HRC Blog

In Little Havana, Latino Community Speaks Out Against “No Preguntes, No lo Cuentes” (DADT)

The iconic Versailles Restaurant on Calle Ocho in the heart of Little Havana in Miami was the latest host of the Human Rights Campaign and Service Member United’s “Voices of Honor” Tour to repeal “Don’t Ask, Don’t Tell,” or “No Preguntes, No lo Cuentes” in Spanish. With local coalition partners SAVE Dade and the Unity Coalition, the Human Rights Campaign was highly successful in taking its message of anti-discrimination and repeal to the Latino community with our story being reported by multiple Spanish speaking media outlets including the nation’s largest: Univision and Telemundo. It was also covered by El Nuevo Herald. (An English version is here.) HRC, with its staff on the ground throughout Florida since early March, has aggressively engaged local community partners and individuals in its fight for repeal. Versailles’ Spanish-language event marked a new platform for the repeal of “Don’t Ask, Don’t Tell” nationwide. Miami political strategist and Unity Coalition board member Vanessa Brito commented on the event's significance:

“It's the first and only Spanish-speaking event being done so far. Since Florida is one of the states they are focusing on -- and Senator Bill Nelson is one of the votes they need – they are trying to mobilize the Spanish-speaking constituency.”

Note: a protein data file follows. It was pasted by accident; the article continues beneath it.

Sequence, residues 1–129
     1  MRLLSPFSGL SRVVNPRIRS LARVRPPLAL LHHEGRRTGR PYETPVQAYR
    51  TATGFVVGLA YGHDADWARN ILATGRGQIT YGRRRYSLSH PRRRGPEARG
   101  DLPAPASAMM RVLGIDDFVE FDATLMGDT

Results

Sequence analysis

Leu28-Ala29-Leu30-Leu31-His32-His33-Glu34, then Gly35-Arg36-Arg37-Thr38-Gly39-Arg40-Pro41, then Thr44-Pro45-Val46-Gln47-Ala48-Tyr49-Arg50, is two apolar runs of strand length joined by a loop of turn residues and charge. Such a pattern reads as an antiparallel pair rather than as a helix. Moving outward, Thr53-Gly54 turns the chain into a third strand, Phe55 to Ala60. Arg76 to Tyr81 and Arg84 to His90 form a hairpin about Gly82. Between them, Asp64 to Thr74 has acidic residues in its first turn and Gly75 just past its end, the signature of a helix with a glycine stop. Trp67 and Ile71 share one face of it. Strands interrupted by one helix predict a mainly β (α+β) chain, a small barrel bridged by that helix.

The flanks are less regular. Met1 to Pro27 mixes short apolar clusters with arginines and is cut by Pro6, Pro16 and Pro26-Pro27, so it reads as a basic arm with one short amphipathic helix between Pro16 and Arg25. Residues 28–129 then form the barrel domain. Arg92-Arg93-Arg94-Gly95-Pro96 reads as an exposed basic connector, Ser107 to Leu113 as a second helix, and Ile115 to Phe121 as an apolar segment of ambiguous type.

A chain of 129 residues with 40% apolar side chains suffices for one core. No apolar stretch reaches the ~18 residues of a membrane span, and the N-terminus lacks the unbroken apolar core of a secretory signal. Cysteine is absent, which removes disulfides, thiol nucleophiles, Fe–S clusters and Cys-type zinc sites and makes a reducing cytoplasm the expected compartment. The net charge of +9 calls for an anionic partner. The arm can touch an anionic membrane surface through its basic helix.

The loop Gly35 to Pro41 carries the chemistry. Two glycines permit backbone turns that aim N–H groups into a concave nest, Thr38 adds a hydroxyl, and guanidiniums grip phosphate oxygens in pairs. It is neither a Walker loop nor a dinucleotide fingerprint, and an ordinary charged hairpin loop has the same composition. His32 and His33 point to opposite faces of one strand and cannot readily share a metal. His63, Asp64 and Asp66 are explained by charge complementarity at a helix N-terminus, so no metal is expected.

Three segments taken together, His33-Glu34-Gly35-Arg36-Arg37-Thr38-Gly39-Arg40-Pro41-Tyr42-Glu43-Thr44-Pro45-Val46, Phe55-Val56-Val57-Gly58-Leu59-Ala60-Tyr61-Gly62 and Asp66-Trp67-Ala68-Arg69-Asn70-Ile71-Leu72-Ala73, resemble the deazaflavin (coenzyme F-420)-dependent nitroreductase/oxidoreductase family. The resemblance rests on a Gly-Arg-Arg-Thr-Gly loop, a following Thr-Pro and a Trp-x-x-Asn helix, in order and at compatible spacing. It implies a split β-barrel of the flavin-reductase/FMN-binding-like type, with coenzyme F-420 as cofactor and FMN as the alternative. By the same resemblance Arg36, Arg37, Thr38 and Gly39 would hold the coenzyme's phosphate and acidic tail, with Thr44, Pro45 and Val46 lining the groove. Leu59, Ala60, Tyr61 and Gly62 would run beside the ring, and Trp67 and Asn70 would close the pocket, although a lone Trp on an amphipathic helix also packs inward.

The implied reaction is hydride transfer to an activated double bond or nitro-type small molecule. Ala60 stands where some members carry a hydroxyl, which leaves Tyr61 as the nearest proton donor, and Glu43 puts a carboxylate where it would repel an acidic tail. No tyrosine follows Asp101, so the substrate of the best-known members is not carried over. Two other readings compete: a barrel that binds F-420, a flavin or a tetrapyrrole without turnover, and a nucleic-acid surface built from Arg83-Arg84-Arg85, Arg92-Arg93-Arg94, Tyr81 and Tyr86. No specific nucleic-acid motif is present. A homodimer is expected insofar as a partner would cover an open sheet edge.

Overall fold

The general progress made by LGBT Americans in engaging our country’s minority communities was very evident in Little Havana’s positive reception of the “No Preguntes, No Lo Cuentes” rally. Jorge Barbontin, 47, is a straight former Marine who was raised in Miami by Cuban-American parents. During yesterday's panel, he remarked:

“If we were having this discussion in the 1960s -- my father's generation -- what would be happening in the restaurant or in the streets would be chaos. In the middle of Versailles, on an issue that may have been thought to be controversial in the Latin community, there was no reaction to it."

Go to and join the fight for the repeal of “Don’t Ask, Don’t Tell” (“No Preguntes, No lo Cuentes”) in English or in Spanish.

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